Top 5 Most Impressive Tournament Records at The Masters

There are a lot of impressive feats among The Masters tournament records. Hey, all of them are impressive - that's why we make note of records! But which tournament records at The Masters stand out the most? Here are our choices for the Top 5 most impressive Masters records:

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Arnold Palmer's 50 Consecutive Years Played

Arnold Palmer waves to the crowd during the second round of the Masters at the Augusta National Golf Club on April 9, 2004
Arnold Palmer said farewell at the 2004 Masters after 50 consecutive appearances. David Cannon/Getty Images
Arnold Palmer played The Masters fifty consecutive years. No injuries, no illnesses interrupted his streak. Of course, he was eligible to play every year by virtue of being a Masters champion (he won four times). But he actually did tee it up every year. Gary Player played in 52 total Masters, but managed "only" 36 in a row; Jack Nicklaus played in 45 total, but "only" 40 in a row.

Doug Ford is runner-up to Palmer in this category, with 46 straight starts.

Palmer first played The Masters in 1955, when he was 25 years old and Dwight Eisenhower was President. He last played The Masters in 2004, when Palmer was 75 years old and George W. Bush was President. John F. Kennedy, Lyndon Johnson, Richard Nixon, Gerald Ford, Jimmy Carter, Ronald Reagan, George H.W. Bush and Bill Clinton also came and went as American presidents; Palmer kept on teeing it up at Augusta National every April, not missing a tournament until he voluntarily stepped aside following the 2004 Masters.

Related: Arnold Palmer's finishes at The Masters
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Jack Nicklaus' 12 Top 3 Finishes

Jack Nicklaus raises his putter as a birdie putt drops in the final round at the 1986 Masters
Jack Nicklaus raises his putter as a birdie putt drops on the 17th hole of the final round at the 1986 Masters. David Cannon / Getty Images
Augusta National poobahs don't actually keep record of Top 3 finishes, but we know Nicklaus has the most career Top 3s by simple math: The Masters does keep the record for Top 5 finishes, and Nicklaus holds that record with 15; the runners-up in that category have 10 Top 5 finishes. So Nicklaus finished in the Top 3 more often than anyone else finished in the Top 5:
  • Nicklaus won six times, a record;
  • He finished second four times, a record he shares;
  • And he added a pair of third-place finishes for good measure.
Nicklaus holds the tournament records for most Top 3 finishes, most Top 5 finishes, most Top 10 finishes and most Top 25 finishes.

Yes, Nicklaus loved playing The Masters.

Related: Jack Nicklaus' finishes at The Masters
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Tiger Woods' 12-Stroke Winning Margin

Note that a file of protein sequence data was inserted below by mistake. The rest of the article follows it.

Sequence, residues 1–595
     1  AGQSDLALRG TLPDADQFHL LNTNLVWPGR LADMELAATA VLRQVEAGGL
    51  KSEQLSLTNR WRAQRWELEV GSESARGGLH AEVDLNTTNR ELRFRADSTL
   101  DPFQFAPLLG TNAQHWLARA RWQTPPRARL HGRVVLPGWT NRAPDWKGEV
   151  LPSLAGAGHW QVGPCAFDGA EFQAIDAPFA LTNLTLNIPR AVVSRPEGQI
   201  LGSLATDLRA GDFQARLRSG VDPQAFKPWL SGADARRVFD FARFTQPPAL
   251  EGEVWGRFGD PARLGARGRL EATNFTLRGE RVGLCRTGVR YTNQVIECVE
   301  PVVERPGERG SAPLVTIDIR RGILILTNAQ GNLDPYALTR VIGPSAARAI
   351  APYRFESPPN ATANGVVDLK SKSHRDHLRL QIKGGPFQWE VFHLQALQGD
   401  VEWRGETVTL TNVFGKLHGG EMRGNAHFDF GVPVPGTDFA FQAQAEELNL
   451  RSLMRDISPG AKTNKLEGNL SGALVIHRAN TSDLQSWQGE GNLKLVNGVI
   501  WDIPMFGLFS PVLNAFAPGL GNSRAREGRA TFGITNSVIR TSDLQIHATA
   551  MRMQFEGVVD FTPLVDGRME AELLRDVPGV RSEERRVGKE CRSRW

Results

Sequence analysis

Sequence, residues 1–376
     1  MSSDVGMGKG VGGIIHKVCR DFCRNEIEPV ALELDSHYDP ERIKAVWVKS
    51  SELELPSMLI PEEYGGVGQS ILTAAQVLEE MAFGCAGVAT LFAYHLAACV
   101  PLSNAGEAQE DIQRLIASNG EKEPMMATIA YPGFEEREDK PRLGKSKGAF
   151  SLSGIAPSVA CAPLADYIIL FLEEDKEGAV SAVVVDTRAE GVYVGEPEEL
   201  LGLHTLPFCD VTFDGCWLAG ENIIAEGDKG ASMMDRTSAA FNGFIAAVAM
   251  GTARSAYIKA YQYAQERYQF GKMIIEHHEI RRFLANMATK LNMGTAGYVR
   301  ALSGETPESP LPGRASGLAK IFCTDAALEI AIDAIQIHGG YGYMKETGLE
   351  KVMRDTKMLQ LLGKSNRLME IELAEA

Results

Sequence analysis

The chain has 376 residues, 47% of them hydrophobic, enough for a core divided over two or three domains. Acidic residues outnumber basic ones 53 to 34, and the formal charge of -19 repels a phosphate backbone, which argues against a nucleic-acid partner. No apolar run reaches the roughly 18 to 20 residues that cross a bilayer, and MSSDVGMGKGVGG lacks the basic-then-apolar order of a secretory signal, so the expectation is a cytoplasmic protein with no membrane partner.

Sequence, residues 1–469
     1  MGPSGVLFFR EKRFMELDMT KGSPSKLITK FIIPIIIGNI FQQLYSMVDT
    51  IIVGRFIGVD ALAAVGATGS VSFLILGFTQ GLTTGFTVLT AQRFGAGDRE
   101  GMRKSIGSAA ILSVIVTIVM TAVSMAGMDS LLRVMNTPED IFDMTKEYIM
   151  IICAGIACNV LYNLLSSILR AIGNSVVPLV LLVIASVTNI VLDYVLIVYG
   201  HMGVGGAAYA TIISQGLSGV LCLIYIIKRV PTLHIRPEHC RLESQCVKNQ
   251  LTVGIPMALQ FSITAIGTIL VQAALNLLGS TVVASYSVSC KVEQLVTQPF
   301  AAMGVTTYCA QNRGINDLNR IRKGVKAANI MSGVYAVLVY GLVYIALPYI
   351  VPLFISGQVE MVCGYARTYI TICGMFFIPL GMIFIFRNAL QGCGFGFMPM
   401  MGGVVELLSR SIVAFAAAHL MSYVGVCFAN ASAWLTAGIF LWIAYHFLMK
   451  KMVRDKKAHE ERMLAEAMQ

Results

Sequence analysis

Tiger Woods 1997 Masters
Stephen Munday / Getty Images

When Woods set the record mentioned above as youngest champion, he did so with another record-shattering performance: He won by 12 strokes. It was the most dominating performance in tournament history, and it happened at the 1997 Masters.

Woods bettered the previous record (9-stroke win by Nicklaus in 1965) by three shots. He did so with rounds of 70-66-65-69 to shoot 270 (also a tournament record).

What makes Woods' winning margin more remarkable is the fact that he shot 40 over his first nine holes of the tournament. At that point, it seemed more likely Tiger would miss the cut than win the tournament, much less run away with it.

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Jack Burke Jr.'s 8-Stroke Comeback Win

Jackie Burke was eight strokes behind third-round leader Ken Venturi as the final round of the 1956 Masters began. Venturi led the field by four strokes - it appeared the amateur was on his way to victory.

Burke fell further behind as he started the fourth round, dropping nine strokes behind Venturi at one point. But what does it take to make a comeback? A great round by you, a terrible round by the leader, or some combination of the two.

Playing in blustery winds that made scoring tough, Venturi faltered to an 80 while Burke shot 71. Burke didn't just take advantage of Venturi's problems, he also took advantage of the fact that none of the golfers in-between him and the lead was able to mount their own charges.

When the day was over, Burke had the victory and the biggest come-from-behind win in Masters history.
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(Tie) Jack Nicklaus and Tiger Woods, Oldest and Youngest Champions

Jack Nicklaus became the oldest winner of The Masters when he won the 1986 tournament at age 46 years 2 months 23 days. And in 1997, Tiger Woods became the youngest champion when he won at age 21 years, 3 months 14 days.

Woods was nearly two years younger than the man whose record he broke, Seve Ballesteros (who himself had broken Nicklaus' record). Woods was the only golfer younger than 23 to win The Masters until 21-year-old Jordan Spieth made that list two long in 2015 (Spieth was about six months older than Tiger was in 1997).

Nicklaus was four years older than the man whose record he broke, Gary Player. He hadn't won in two years, it was six years since his last major victory and 11 years since his last Masters win. And it was the sixth Masters championship for Nicklaus.